A Supermarine Spitfire Mark VIII of No. 136 Squadron RAF prepares to taxy to its take off point on newly-finished airstrip at Brown’s West Island, Cocos Islands. Other aircraft of the Squadron are being serviced in the background.
The Royal Air Force (RAF) in the Pacific theater during World War II is often referred to as the “forgotten air force.” Nonetheless, the RAF proved to be an effective and competent match to its Japanese counterparts. Initially vastly outnumbered and outfought by the Japanese—and forced to use inferior equipment—the RAF in the Pacific was dramatically reorganized and resupplied during the war to become an integral part of the Allied success in the Pacific theater.
Before the outbreak of war, the RAF presence in the Pacific was minuscule. Plans were drawn up in the 1930s for the expansion of air defenses to protect such key British colonies as Singapore and Hong Kong, but with the attention of the British high command focused on the war in Europe, scant resources remained to be shifted to the Far East. As a result, it was October 1941 before the RAF began seriously to prepare for war in the Pacific. When the Japanese attacked at Kota Bahru on December 8, 1941, the RAF was still unprepared.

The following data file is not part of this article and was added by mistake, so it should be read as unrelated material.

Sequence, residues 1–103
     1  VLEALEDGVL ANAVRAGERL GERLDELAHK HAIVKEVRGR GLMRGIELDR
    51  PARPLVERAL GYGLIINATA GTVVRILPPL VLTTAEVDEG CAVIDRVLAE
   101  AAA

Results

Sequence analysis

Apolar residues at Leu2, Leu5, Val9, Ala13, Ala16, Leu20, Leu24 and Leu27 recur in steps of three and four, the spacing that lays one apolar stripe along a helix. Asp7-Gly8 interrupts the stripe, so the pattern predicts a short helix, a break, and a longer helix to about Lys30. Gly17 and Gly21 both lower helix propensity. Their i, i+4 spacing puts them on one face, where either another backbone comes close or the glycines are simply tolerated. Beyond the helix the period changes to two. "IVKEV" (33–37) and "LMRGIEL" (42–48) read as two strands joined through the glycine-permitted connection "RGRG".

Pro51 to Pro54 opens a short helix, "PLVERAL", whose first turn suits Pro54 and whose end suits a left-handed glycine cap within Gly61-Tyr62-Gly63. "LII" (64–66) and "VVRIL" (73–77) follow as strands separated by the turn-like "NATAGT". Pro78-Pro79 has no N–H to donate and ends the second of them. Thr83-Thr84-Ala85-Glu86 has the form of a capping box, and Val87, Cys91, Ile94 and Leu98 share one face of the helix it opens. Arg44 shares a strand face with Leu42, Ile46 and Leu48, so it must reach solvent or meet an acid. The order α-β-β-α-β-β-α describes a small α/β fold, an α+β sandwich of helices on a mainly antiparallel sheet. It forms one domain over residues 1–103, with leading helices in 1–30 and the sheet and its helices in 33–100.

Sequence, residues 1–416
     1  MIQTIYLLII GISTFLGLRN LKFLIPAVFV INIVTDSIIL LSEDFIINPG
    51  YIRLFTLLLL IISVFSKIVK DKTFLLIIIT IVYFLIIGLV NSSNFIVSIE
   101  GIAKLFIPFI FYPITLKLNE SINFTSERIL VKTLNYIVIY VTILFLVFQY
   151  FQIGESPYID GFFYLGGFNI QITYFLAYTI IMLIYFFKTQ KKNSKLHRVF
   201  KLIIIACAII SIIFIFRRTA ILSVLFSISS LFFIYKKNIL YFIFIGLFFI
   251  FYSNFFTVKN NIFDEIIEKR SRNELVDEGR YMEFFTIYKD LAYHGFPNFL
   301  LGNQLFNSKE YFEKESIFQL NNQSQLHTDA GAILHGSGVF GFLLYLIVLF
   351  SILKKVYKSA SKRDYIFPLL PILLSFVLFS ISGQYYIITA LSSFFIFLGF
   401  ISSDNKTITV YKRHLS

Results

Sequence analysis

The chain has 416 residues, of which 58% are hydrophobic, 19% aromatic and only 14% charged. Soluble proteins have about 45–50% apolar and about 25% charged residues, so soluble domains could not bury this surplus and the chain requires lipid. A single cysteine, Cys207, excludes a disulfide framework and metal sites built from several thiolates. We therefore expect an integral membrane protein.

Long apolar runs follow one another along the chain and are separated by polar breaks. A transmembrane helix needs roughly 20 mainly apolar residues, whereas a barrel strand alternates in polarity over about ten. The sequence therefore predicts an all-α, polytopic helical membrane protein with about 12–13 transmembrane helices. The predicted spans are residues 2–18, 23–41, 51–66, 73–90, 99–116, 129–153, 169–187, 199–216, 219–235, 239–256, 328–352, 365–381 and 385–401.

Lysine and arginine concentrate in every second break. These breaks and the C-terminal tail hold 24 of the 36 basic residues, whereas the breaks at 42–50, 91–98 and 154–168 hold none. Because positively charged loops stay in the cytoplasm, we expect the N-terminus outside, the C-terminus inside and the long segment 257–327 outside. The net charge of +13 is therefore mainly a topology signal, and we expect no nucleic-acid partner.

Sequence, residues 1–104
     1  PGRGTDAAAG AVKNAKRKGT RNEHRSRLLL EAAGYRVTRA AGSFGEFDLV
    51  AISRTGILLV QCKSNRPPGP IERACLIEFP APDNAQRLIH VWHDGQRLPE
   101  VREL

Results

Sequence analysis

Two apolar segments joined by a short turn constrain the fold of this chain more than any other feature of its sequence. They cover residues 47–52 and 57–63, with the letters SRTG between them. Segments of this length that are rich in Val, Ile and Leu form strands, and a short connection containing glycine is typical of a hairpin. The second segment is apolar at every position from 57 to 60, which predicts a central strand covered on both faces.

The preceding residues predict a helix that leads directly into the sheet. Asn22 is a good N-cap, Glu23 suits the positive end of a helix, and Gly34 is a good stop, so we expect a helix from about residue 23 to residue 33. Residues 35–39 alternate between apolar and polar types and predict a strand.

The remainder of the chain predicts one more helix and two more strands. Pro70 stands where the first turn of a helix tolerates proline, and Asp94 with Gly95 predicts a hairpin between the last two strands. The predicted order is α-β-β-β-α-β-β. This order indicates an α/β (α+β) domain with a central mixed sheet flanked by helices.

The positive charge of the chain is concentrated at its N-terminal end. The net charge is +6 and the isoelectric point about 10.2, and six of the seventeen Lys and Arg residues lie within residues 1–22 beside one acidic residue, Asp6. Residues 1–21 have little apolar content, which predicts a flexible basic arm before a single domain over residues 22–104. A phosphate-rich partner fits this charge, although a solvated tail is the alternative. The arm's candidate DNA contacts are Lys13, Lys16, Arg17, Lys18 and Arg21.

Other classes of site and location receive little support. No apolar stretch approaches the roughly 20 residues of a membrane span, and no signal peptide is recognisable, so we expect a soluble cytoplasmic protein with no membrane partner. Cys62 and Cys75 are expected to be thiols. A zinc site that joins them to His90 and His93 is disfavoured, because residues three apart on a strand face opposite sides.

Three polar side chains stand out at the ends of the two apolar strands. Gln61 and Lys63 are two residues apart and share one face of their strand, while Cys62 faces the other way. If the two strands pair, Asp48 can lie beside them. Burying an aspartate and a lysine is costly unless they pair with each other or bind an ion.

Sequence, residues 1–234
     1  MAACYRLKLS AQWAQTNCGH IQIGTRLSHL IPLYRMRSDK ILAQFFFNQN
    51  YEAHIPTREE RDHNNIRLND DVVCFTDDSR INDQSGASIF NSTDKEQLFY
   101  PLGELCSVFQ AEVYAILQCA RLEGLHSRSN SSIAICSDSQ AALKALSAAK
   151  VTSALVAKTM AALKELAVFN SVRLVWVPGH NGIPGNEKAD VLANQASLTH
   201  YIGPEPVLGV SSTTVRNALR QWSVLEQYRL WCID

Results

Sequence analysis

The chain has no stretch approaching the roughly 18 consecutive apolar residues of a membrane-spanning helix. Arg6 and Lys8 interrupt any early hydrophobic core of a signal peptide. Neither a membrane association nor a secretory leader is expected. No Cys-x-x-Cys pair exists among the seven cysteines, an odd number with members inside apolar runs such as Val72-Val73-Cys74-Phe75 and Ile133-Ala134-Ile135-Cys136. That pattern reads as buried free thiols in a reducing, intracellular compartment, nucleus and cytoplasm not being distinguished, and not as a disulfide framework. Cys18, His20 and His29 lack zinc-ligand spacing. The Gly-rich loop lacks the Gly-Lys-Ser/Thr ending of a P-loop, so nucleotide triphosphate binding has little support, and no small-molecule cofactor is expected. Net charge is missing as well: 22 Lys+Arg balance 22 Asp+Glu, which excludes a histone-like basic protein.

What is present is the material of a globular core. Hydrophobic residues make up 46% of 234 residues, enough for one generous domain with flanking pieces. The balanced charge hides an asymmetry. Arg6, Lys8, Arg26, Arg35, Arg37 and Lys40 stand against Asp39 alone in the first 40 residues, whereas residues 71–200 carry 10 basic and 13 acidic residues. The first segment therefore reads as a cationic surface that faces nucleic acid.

The RAF had only 181 aircraft in Southeast Asia at the beginning of the war and used only nine of twenty-seven planned airfields in the region. The Japanese, on the other hand, could put some two thousand aircraft in the skies. Great Britain’s Air Ministry had decided not to send any of its main fighter aircraft—the Hurricane—to the Far East. Shipments originally intended for Singapore went, instead, to Russia to stop the German advance, and so the only fighters available to the RAF were seventy-nine obsolete Buffaloes. The Buffalo was slower, had a much poorer climb rate, and was less maneuverable than the main Japanese fighter, the Zero. (In fact the Brewster Buffalo always has pride of place in any listing of “The World’s Worst Aircraft.”) The RAF’s bombers and reconnaissance aircraft were also obsolete in comparison with their Japanese counterparts.
The RAF did possess one notable advantage over the Japanese: radar. At the start of the war, the British had two coastal radar sites and a number of mobile radars. The radar units did not cover the entire range of the British Far East positions, but major areas such as Singapore could receive at least thirty minutes warning in case of air attack. The ground-to-air links through VHF communication were limited, however, and information could be passed to British aircraft for a distance of only about twenty miles. This weak link severely limited the ability of the radar units to convey information to the airborne units and to coordinate attacks.